Political standpoints, aside, this album is solid and extremely well performed. The blast beats are fast and aggressive, whilst the guitar riffs powerhouse right along with them, and the bass is just all over the place, following the two of them along. The guitars are heavy, and fast, as is the drumming, and the overall sounds makes one think this is more a Death Metal album than Black Metal, and this is collaborated with when the vocals kick in, which are predominately low gutteral voices, rather than the aggressive yells like in Drudkh (not bad for Black Metal). The vocals, to be honest, aren't the greatest that's every come out of death-black material, and the yells that accompany them (I'm guessing these are the highs) make this sounds more death-corish than metal.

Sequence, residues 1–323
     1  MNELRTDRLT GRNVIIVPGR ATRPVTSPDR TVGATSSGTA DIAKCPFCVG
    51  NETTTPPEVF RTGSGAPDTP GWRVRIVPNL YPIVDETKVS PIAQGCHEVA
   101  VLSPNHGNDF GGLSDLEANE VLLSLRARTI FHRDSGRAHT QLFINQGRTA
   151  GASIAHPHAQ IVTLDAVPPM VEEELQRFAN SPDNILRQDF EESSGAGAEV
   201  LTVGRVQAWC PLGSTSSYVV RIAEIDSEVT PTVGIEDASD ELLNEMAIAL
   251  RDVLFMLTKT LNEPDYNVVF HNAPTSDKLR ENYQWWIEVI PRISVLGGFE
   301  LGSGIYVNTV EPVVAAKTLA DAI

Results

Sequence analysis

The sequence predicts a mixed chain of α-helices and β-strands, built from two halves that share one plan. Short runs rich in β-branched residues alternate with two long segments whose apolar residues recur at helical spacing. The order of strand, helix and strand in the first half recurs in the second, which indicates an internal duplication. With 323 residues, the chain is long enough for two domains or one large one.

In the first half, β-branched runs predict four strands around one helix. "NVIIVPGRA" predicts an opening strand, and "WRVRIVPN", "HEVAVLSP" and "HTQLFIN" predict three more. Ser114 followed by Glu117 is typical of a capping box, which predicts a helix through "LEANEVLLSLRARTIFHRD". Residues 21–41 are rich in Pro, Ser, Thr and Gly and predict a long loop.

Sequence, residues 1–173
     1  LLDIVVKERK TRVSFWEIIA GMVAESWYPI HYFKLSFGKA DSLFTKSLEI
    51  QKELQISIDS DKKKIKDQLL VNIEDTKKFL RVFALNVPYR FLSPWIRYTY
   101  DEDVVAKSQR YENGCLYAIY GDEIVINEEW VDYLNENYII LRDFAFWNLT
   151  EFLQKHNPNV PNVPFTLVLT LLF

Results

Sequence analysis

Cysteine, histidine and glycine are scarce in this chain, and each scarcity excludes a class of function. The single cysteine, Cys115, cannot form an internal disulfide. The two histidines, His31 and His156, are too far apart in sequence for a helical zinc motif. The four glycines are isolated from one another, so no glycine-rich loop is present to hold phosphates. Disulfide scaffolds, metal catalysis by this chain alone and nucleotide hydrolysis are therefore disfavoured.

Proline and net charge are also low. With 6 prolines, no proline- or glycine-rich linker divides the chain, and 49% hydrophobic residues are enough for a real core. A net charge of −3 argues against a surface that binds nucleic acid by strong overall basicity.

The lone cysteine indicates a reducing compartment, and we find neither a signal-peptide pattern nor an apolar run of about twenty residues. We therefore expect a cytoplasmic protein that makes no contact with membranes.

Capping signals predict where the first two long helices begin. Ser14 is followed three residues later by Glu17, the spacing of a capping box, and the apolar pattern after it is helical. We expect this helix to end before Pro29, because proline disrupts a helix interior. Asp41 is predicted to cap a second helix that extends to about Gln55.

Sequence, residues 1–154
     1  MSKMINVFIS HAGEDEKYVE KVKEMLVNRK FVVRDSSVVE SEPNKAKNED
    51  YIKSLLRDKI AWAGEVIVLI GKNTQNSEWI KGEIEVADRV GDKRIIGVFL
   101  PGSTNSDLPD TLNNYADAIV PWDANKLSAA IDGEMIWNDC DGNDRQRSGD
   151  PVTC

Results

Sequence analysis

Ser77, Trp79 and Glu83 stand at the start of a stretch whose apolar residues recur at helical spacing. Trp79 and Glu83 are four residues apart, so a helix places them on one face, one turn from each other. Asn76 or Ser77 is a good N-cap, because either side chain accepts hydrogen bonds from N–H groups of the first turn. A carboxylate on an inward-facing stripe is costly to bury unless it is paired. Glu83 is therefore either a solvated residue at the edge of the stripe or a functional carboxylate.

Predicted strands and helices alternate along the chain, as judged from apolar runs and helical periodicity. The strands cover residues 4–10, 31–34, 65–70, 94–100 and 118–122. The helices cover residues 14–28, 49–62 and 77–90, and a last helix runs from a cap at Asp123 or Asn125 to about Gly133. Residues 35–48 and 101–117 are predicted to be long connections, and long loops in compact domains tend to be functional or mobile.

Overall, this is an extremely well done album, and highly enjoyable. Recommended~!

Aesthetical Rebirth of Black Metal - 84%

Lycaon, August 12th, 2004

One of the most well-hidden and underground acts in the black metal scene, Hate Forest are also one of the most controversial due to their "aryan" concept, which however does not fall into the category of propaganda but has to do with ancestry, nature and religion. No big words here, kids (ok, apart from that "concerning subhumans" part).